I saw this New York Times article:

Mr. Trump’s presence in the 2016 race has already had pernicious effects, but they’re nothing compared with what would happen if he were the Republican standard-bearer. The nominee, after all, is the leader of the party; he gives it shape and definition.

According to normal grammar rules, one should write "he is", "he was", "they are", and "they were". So, in the article above, is "he were" wrong? Should "he were" be changed to "he was"?

  • Actually, according to strict grammar rules, were is correct, and was is "wrong". But increasing numbers of native speakers don't bother with the subjunctive in such contexts. Feb 29, 2016 at 19:22
  • Related: ell.stackexchange.com/questions/72518 More and more people are going for the indicative mood, but subjunctive still is far from vanishing.
    – M.A.R.
    Feb 29, 2016 at 20:56

2 Answers 2


This is an example of something called the Subjunctive Mood—a tricky aspect of verb usage in many languages. It occurs most often in conditional statements or descriptions of hypothetical situations, but there are enough scenarios where the Subjunctive is correct that I'd just recommend reading this article to get them all.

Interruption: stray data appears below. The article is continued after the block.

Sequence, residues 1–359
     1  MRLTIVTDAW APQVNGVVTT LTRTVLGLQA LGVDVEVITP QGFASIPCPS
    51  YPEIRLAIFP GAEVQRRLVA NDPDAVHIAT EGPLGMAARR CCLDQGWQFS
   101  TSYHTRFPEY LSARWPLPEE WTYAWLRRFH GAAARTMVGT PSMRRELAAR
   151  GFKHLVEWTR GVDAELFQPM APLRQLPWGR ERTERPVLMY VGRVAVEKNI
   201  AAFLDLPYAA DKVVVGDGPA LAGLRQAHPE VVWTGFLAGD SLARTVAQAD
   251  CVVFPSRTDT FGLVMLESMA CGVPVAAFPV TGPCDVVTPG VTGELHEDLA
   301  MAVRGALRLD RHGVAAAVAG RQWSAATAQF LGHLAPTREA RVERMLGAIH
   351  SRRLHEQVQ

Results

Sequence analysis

The sentence, therefore, is grammatically correct because the described situation (Trump as Republican standard bearer) is not currently true. Compare:

Trump was the Republican standard bearer. (Factual)

If Trump were the Republican standard bearer... (Hypothetical)

The use of the subjunctive is a formal grammatical rule with very specific applications that are sometimes difficult to identify properly. It is very common even for native speakers to ignore it in everyday speech, saying things like If I was rather than the formally correct If I were. Formal writing, however, requires it for proper usage.


There's nothing wrong.

In conditional structures, was for the first and third person is often changed with were. For instance: I wouldn't do that if I were you.

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